Wooden boat shipyards have existed in Sweden since the Viking Age. In the 16th and 17 centuries several shipyards were built to build up a strong fleet and to develop merchant shipping.
Several were added in the following centuries. From the middle of the twentieth century smaller wooden boats were mostly built, especially fishing vessels. Thereafter there was a marked decrease since new materials and new technologies were introduced, and today no similar commercial production exists. However, there are a few smaller shipyards that still have good knowledge on how to maintain vessels and boats with wooden hulls; knowledge of planking, frames, beams, braces and floor etc. Traditionally knowledge transfer in the shipbuilding industry occurred from older to younger generations, where people learned for many years and gradually gained more responsibility.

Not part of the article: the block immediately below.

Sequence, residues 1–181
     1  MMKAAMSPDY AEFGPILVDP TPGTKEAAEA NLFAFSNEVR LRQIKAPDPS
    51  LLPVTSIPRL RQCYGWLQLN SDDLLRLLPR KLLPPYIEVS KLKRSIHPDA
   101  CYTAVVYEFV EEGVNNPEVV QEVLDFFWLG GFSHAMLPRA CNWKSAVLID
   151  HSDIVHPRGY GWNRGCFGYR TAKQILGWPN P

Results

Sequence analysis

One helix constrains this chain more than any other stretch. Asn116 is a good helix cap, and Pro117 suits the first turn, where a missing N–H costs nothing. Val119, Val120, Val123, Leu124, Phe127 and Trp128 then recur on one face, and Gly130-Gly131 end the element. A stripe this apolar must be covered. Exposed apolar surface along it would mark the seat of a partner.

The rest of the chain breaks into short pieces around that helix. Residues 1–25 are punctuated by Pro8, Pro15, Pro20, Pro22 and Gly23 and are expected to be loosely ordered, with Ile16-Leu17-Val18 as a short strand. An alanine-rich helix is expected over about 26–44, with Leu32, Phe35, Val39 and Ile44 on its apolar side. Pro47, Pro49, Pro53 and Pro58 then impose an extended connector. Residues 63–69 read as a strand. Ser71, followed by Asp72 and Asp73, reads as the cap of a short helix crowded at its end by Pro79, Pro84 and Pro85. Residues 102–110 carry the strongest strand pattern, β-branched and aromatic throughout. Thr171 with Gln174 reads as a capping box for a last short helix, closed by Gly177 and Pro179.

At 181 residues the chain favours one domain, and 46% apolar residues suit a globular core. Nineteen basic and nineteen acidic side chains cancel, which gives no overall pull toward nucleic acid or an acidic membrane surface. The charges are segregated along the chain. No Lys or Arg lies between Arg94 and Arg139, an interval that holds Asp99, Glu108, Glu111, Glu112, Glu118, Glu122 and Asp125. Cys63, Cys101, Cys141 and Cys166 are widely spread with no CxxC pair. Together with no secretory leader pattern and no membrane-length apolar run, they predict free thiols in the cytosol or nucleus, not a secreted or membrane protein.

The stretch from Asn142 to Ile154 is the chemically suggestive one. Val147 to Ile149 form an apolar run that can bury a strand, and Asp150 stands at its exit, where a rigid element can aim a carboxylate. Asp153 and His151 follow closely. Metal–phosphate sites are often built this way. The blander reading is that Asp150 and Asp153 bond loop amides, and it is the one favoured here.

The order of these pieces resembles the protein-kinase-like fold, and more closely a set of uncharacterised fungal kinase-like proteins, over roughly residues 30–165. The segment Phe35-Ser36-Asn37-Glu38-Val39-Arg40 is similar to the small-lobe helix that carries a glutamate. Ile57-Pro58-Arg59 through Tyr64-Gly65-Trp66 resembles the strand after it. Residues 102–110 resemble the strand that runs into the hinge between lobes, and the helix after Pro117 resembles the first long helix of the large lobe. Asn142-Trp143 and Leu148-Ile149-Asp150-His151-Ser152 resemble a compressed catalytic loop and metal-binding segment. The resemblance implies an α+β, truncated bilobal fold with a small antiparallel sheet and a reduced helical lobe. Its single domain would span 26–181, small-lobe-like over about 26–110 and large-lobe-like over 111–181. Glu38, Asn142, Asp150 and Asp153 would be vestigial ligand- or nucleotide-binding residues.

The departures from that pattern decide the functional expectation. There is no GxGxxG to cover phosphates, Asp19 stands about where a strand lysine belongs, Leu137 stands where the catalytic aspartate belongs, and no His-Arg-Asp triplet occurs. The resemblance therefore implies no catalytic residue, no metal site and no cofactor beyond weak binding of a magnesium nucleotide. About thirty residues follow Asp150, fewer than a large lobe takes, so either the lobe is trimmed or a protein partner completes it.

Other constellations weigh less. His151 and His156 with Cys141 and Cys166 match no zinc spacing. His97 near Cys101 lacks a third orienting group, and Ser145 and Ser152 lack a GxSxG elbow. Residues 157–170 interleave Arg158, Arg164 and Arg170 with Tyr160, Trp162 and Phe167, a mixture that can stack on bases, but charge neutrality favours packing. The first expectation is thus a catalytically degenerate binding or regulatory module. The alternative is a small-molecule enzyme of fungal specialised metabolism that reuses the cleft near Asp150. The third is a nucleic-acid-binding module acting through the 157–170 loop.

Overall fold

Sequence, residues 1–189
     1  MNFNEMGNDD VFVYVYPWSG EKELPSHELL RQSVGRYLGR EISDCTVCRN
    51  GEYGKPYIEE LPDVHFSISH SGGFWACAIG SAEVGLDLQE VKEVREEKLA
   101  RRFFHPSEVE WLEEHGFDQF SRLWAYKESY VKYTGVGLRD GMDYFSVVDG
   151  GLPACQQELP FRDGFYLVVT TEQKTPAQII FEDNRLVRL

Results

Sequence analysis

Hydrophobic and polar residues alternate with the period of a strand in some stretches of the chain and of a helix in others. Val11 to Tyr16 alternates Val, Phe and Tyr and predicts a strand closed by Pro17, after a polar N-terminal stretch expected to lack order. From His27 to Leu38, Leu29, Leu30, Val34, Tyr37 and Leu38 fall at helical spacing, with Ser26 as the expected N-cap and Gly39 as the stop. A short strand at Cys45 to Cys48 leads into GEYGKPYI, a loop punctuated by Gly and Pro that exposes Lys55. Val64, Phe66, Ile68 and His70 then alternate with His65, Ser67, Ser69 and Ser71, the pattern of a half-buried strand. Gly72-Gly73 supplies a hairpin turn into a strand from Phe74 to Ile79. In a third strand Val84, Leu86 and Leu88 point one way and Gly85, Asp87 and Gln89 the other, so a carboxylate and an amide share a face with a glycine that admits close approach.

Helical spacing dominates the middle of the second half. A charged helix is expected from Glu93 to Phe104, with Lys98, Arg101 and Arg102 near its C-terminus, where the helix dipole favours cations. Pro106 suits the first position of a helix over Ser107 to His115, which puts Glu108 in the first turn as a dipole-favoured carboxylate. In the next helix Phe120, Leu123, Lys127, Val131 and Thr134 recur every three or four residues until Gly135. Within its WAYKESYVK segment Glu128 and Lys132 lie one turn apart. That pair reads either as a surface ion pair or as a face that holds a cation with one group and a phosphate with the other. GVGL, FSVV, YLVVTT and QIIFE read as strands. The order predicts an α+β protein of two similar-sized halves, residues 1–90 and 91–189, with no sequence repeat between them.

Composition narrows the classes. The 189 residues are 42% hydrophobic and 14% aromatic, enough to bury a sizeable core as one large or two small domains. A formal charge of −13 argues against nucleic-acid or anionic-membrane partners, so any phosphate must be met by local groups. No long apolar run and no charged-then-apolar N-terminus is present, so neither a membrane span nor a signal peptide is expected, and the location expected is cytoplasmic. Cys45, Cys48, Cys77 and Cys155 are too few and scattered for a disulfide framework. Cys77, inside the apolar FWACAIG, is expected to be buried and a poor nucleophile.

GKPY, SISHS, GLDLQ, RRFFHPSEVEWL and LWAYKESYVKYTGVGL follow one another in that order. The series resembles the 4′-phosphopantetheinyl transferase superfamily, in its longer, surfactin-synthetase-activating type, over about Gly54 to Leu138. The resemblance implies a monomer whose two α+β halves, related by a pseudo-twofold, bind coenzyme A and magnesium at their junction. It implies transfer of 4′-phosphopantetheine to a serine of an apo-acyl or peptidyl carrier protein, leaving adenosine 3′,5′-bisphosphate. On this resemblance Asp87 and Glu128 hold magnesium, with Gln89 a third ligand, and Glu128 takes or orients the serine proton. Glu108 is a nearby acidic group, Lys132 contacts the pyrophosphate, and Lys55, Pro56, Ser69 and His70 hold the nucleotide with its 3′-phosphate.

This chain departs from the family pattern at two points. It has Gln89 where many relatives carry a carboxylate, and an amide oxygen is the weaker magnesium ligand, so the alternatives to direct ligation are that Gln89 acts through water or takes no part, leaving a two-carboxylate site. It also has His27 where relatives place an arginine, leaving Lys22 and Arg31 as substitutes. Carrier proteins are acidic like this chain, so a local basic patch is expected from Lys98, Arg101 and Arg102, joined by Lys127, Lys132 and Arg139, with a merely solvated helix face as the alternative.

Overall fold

Even today there are considerable similarities with the way previous generations learned their trade. Although nowadays theoretical and practical training in woodwork is of great importance for the transfer of various special skills, the real school is the actual practice at the yard. The skill of renovating wooden hulls is of great importance in the field of Maritime history because it helps to keep the sailing cultural heritage in use. Conservation is mainly upheld today by volunteers, not least through the associations managing old sailing ships and also transferring the knowledge to sail them.